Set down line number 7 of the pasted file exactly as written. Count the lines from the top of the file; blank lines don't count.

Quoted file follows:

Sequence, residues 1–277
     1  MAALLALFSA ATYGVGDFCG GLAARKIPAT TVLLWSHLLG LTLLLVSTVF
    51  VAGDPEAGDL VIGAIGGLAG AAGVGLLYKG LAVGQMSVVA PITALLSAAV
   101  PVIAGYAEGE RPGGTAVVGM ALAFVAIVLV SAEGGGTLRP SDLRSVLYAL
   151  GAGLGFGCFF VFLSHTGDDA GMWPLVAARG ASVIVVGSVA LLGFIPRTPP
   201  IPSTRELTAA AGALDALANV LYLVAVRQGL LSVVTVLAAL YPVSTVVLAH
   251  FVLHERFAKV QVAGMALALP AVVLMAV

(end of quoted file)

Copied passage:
   251  FVLHERFAKV QVAGMALALP AVVLMAV